Energy Security – Sourcing The Gas

Energy Security – Sourcing The Gas

CategoryArticles Author Stephen Tromans QC Date

In my last posting, I considered the Government’s ambitious aspirations for investment in new gas fired power stations between now and 2030, in order to provide the capacity to keep our lights and computers on. For any investor, two questions will be uppermost: what will the gas cost over the lifetime of the station and what price will the electricity fetch? The last blog outlined the second of these questions; this one looks at the first.

DECC’S December 2012 Gas Generation Strategy, Cm 8407[1] Chapter 4 looks at the question of securing an affordable gas supply, and Chapter 5 looks at the possible, but controversial, answer: developing shale gas resources.
A little history: BP was producing gas from onshore resources in the UK on a limited scale before the Second World War and there have been numerous discoveries of oil and gas since then which have been exploited to varying degrees.[2] But onshore production of gas has been utterly dwarfed (it is less than 1%) by offshore production.[3] In 1964 the Continental Shelf Act was enacted, and the first shipment of natural gas to the UK (from Algeria) arrived. The following year, gas was discovered in the West Sole Field by the ill-fated rig “Sea Gem” which later tragically sank with the loss of 15 lives. In the 1960s and 70s, North Sea oil and gas were going (it was thought) to be transformative of the UK’s ailing industrial landscape. Although new fields are still being brought into production, for example the Cygnus field in 2012, offshore gas production has been in decline since 2000, and by 2030 – when the gas will be needed to fuel all those new CCGTs which are going to be built – it is projected to be around 18% of what it was in 2000.

It is thought that current conventional gas reserves worldwide will sustain current levels of consumption for 130 years. Add in unconventional shale gas and the figure becomes 250 years. However, what is highly uncertain is what future levels of demand will be, and their effect on prices. The International Energy Agency expects demand to rise by 55% by 2035 alone, largely due to the growth of demand in Asia. Wholesale gas prices have fallen in the USA to half those in the UK, due to the shale gas boom, but if such gas is to be imported to the UK the high costs of the liquefaction process would have to be accounted for, making the economics uncertain. Further, the ability to buffer consumers against price rises in gas by switching production to coal fired stations is likely to diminish as more of these are driven into closure by EU environmental law.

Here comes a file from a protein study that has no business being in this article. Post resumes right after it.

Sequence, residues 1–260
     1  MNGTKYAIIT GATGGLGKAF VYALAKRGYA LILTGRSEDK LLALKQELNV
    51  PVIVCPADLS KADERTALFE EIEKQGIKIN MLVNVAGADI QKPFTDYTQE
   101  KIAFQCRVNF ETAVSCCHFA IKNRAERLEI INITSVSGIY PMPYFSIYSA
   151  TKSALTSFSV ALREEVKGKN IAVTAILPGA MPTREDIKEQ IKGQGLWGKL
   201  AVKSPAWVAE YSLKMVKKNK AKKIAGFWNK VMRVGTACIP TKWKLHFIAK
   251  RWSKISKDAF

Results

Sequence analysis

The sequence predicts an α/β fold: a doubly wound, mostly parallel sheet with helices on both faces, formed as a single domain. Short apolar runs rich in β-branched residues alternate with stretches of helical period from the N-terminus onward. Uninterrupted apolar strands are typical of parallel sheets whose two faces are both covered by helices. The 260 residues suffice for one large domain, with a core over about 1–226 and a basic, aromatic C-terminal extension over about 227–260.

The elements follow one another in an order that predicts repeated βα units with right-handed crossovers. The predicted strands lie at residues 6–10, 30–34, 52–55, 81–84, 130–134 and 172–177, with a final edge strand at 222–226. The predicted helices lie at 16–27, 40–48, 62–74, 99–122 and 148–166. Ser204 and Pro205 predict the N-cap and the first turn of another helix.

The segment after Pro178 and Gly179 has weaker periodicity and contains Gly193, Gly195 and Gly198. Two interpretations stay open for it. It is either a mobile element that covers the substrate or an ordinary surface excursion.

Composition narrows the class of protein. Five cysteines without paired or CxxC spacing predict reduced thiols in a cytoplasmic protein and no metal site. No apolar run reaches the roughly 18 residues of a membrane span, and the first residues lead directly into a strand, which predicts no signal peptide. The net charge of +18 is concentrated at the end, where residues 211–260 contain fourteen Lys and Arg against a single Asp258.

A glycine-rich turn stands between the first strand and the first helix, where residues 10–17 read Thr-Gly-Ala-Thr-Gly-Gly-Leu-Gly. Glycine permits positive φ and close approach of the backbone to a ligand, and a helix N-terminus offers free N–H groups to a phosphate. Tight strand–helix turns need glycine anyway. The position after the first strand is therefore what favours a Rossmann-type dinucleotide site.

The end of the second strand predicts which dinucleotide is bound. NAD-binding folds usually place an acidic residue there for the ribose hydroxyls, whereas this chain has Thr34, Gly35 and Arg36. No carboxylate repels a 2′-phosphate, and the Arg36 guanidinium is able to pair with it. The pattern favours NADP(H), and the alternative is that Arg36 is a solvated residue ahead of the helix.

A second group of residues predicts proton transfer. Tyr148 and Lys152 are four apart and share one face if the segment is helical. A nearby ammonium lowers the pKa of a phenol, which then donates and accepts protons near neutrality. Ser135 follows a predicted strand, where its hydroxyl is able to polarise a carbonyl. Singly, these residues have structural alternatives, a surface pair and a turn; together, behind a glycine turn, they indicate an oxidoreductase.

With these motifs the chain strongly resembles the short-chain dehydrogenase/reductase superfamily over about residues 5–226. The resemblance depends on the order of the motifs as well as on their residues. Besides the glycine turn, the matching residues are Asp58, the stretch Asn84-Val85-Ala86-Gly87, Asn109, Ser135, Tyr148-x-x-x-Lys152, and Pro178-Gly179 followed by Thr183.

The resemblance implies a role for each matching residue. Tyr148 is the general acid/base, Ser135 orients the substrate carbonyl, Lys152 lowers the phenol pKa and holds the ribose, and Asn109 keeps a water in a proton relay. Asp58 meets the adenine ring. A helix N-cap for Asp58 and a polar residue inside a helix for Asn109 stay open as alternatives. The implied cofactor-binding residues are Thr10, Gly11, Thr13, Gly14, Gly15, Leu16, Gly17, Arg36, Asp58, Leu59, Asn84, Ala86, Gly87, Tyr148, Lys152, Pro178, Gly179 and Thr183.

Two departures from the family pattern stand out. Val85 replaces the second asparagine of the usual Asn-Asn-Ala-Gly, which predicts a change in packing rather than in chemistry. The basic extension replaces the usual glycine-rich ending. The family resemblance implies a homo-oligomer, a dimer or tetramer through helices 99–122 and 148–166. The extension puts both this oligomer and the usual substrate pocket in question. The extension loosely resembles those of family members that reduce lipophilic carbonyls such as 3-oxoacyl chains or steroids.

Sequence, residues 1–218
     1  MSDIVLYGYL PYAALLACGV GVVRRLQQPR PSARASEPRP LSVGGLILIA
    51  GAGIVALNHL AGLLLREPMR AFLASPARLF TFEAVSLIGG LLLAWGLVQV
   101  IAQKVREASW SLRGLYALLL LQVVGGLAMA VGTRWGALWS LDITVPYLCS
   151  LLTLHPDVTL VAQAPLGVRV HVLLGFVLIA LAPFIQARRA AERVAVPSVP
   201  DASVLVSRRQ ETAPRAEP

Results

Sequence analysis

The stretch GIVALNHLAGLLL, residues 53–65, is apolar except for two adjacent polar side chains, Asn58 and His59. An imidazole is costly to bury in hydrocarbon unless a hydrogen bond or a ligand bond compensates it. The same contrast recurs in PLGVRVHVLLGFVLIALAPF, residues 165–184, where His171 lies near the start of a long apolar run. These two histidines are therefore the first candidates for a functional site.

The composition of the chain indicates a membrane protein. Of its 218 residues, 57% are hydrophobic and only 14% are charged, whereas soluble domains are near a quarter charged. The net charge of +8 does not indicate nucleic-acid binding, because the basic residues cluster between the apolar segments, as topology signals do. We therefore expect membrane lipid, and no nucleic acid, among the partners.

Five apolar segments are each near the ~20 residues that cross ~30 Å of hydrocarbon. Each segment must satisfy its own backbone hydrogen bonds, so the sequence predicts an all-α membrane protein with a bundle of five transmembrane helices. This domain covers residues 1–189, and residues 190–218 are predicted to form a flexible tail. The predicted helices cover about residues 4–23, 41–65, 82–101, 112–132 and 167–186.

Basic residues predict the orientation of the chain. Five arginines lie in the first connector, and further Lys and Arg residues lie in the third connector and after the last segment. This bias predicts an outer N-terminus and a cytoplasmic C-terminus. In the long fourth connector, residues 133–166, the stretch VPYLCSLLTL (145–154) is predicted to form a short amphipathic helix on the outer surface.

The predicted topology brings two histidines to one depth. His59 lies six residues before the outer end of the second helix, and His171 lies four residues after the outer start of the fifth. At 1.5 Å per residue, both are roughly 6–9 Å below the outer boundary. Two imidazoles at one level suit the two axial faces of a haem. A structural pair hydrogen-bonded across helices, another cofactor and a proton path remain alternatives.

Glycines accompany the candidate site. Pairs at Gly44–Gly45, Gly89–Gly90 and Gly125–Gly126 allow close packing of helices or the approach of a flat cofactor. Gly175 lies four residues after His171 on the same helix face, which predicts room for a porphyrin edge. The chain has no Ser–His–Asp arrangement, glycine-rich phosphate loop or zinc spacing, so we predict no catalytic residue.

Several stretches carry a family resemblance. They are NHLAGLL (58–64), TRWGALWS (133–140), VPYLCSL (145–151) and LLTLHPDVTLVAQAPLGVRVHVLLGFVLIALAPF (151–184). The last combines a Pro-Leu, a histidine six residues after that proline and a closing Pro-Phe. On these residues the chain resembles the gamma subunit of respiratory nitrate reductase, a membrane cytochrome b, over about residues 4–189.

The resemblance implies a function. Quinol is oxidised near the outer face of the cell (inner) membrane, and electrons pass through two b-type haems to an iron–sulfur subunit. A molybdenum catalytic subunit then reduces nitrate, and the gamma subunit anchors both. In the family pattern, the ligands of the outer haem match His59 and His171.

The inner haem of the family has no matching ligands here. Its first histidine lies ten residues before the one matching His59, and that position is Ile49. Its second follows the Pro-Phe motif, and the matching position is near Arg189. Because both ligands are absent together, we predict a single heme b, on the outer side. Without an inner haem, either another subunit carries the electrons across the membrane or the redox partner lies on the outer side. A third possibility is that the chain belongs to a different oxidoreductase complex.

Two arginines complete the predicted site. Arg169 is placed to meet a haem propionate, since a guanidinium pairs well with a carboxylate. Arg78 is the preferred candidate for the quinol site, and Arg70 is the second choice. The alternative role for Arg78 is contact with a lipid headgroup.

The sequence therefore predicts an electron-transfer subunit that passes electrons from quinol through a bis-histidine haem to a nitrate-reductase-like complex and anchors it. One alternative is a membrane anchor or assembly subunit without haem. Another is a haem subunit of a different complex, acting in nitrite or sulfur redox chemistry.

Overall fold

It has been known for many years that there are considerable reserves of gas trapped in impermeable shale strata. It is only relatively recently that the technology to exploit them has been developed on a commercial scale by combining the existing techniques of horizontal drilling and hydraulic fracturing. A number of geological, political, legal, social, economic and commercial factors have combined to drive such exploitation in the USA, in a way that has been genuinely transformative of many sectors of the economy. Fracking on that scale is not going to happen in Europe any time soon, but we do know that there are significant shale formations present in parts of the UK, which could in principle make a significant contribution at some point during the 2020s – possibly just at the point when a secure supply of competitively priced gas could be critical.